It’s a f*&^%d up world. At least that’s what the media would have us believe. Politicians across the length and breadth of the nation making asses of themselves and screwing us over big time. Luxury ships turning belly up mid sea and being likened to the Titanic (how the media loves to exaggerate bad news na). Our cricket team disgracing us, playing like rank amateurs, we should horsewhip the whole lot of them and kick them out (ahem, they just won us the World cup, sure they’ve played miserably, and sure they’ve lost but uh who doesn’t have a bad day or bad month. And if they’ve lost their form, drop them, train them but why behave like they’re traitors and terrorists who’ve butchered mothers and infants?).
I think you get my point. If one were to go by the newspapers and news channels, we’re living in such times of such abject malevolence and misery that ritually removing one’s intestines is the greatest source of happiness available to us.
But what if I didn’t go by the media? And instead just looked around at my own life? Where a bunch of eager twenty year olds tell me they don’t want to work for money – they just wanna work on stuff they enjoy and learn. Where a rick guy seeing me frantically flapping my hands, stops, tells me he’s got a puncture, so won’t be able to ferry me to my destination but is willing to drop me ahead to another rickshaw. Where a friend of mine who’s been getting friends and family to pool in money so she can throw Christmas and birthday parties for under privileged kids is now planning a Republic Day party at an old age home. Where every day, be it blazing sun or pouring rain, an old man with a heartwarming smile holds up a message of love at the Juhu Circle traffic signal.
Doesn’t sound like that bad a world to me. And it isn’t. Sure there are assholes and psychos and criminals and corrupt and cruel creeps. But I believe the nice guys, the good humans, outnumber them 10 to 1. Or more likely a 100 to 1. It’s just that they’re not in the public eye, in the media spotlight. Or maybe we’ve just gotten attuned to looking only at what’s screwed up, who’s horrible and not at all that’s wonderful and beautiful.
Speaking for myself I know I was looking at 2011 with a pretty jaundiced eye till a friend showed me a poem she’d written about all the wonderful things that had happened to her in the year. And when that inspired me to look back on my year I came up with a pretty long list of miracles and joys and special moments. So…
Which is why I just don’t get why our television (and now I’m talking entertainment not news) insist on only celebrating gloom and misery and darkness and despair and atrocity and calamity. Flip between any of the channels – there’s plotting and conspiracy and murder and mayhem and torture and tears…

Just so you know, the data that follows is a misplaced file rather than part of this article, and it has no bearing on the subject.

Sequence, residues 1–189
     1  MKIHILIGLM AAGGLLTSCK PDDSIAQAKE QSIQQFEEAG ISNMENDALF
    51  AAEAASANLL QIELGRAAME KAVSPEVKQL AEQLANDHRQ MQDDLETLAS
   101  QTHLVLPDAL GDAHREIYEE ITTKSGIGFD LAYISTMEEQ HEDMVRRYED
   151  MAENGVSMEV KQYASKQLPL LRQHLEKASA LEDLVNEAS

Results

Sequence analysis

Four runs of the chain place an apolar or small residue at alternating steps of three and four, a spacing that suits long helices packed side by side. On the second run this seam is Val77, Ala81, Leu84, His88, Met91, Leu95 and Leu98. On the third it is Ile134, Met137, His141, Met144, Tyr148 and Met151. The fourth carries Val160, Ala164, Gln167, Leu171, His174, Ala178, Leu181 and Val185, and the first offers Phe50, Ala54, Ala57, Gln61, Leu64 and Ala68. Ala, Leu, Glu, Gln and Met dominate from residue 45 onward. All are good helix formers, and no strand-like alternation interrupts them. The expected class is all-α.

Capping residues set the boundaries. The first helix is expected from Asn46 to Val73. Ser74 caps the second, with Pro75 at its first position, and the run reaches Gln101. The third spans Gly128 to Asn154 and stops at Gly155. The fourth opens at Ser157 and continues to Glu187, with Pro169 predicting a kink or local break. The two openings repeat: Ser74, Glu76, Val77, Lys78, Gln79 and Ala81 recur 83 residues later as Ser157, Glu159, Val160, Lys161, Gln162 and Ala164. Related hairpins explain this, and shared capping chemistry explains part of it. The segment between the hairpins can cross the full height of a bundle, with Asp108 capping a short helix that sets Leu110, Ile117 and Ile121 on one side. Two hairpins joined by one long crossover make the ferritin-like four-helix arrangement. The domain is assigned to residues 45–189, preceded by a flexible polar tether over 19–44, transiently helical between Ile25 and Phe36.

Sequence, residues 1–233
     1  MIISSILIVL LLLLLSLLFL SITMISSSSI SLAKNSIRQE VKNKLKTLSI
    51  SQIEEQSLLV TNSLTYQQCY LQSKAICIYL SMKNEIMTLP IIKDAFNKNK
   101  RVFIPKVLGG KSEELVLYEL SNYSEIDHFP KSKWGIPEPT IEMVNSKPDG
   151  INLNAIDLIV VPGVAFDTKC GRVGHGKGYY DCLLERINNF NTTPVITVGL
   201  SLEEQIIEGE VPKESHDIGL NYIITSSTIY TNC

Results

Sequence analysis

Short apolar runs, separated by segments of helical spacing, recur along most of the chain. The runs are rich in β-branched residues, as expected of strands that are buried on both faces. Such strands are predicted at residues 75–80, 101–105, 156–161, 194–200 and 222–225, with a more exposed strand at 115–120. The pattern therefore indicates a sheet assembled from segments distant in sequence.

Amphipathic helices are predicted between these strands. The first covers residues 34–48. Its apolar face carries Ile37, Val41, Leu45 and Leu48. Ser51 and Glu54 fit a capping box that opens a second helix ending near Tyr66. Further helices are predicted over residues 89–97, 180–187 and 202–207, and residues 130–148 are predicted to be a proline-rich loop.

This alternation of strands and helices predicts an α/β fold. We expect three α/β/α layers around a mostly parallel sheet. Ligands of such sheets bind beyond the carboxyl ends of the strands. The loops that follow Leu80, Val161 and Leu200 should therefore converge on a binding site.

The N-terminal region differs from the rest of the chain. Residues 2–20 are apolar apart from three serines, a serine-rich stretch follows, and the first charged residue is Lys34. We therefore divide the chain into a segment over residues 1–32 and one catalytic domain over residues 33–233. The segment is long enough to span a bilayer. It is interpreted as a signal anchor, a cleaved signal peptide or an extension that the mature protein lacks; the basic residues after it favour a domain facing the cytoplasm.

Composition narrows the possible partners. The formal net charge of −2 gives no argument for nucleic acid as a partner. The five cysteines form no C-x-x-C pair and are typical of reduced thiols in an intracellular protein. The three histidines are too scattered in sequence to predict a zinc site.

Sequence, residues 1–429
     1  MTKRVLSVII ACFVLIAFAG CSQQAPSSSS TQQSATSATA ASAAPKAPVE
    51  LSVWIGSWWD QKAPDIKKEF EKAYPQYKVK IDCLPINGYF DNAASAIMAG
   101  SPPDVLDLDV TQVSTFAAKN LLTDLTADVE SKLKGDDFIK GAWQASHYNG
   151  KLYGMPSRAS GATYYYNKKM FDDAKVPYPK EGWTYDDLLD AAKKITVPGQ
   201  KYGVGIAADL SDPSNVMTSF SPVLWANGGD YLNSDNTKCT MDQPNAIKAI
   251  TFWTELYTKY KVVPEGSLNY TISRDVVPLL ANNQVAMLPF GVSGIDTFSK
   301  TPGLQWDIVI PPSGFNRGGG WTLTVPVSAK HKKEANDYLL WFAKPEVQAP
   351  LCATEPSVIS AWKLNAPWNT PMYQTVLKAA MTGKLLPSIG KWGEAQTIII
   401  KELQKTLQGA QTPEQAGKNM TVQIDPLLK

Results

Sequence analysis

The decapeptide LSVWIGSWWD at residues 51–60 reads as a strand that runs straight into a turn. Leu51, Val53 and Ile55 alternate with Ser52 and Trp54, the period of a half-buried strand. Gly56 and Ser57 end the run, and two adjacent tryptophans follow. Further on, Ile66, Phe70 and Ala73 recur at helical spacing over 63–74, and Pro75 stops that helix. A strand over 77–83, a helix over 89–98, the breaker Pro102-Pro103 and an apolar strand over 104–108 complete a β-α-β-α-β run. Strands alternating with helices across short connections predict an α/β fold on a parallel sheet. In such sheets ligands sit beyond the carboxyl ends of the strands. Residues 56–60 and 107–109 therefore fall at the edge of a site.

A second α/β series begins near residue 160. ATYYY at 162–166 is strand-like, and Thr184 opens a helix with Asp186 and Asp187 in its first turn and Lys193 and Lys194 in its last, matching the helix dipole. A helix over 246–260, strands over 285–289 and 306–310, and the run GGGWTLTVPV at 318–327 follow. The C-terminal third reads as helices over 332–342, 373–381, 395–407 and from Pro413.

Give us a break, guys. There’s enough going in the real world to make us feel like crying (I see the news channel guys nodding gleefully). Why the hell would you want to make us bawl as well. Cause it brings in the bucks? Really?
Ok then explain the success of Bade Achche to me. Sure it’s veering into a very soapy space just now. But let’s go back to when it started, when it really captured popular imagination. It’s got an overweight, middle aged hero, a heroine whom everyone thought is well past her sell by date. Why did it work then? Cause somewhere there was something happy, positive about the show. Cause it came with the message that you could be in your mid thirties, your forties, the whole world could be telling you that you’ve missed the bus, your shot at love and marriage is gone. But there is still hope. Love can happen anytime. And it’s that hope, that ray of sunshine that I think people responded to, that’s why they embraced the show. And that’s why they’re still hanging on.
Or let’s take two new launches – Hitler Didi and Na Bole Tum. Both aroused so much interest and excitement even before they launched. Because crores were spent on their campaigns? But Players is testament to the fact that just marketing can’t do diddley squat. So what then? The fact is all the ads of these shows – the posters, the hoardings, the radio spots, the promos – be it their colours or the slogans or the moments were all funny, light, cure, sunshiny, happy. Sure the Didi was dictatorial and supposedly scary but the promos made you want to smile at that, not cower in fear. Sure Na Bole is about a widow but the promise of a new romance, a second shot at happiness is evident in every communication about the show. And that’s why they’re working. People want hope, they want to see love, they want their measure of sunshine.
And I’m not saying they don’t want drama and darkness and tragedy and terror. Of course they do. Who just wants to eat mithai? But who just wants to eat achaar either?
The point is India’s known for thalis – a mixed meal serving up every flavour and taste. And that’s what our movies used to do too. And so did our channels once upon a time. But right now all you want to do is make us weep. And we are, not cause of what’s in the shows but at the fact that you just won’t give us anything else.
Cause dude if rotu soaps are the only thing that work explain the success of Sab. Fact is on most days Taarak kicks the ass of most Dukh, Traas, Peeda dramas. Fact is CID and Adaalat are rocking. Fact is people still lap up reruns of Sarabhai (which in finest Raymond fashion is a superb take on saas bahu strife). Fact is a Chandragupta or a Jhansi are much loved. So why this endless tragedy di?
Give me some sunshine, give me some rain. Give me another chance to be entertained, give me the TV that I had when I was growing up…
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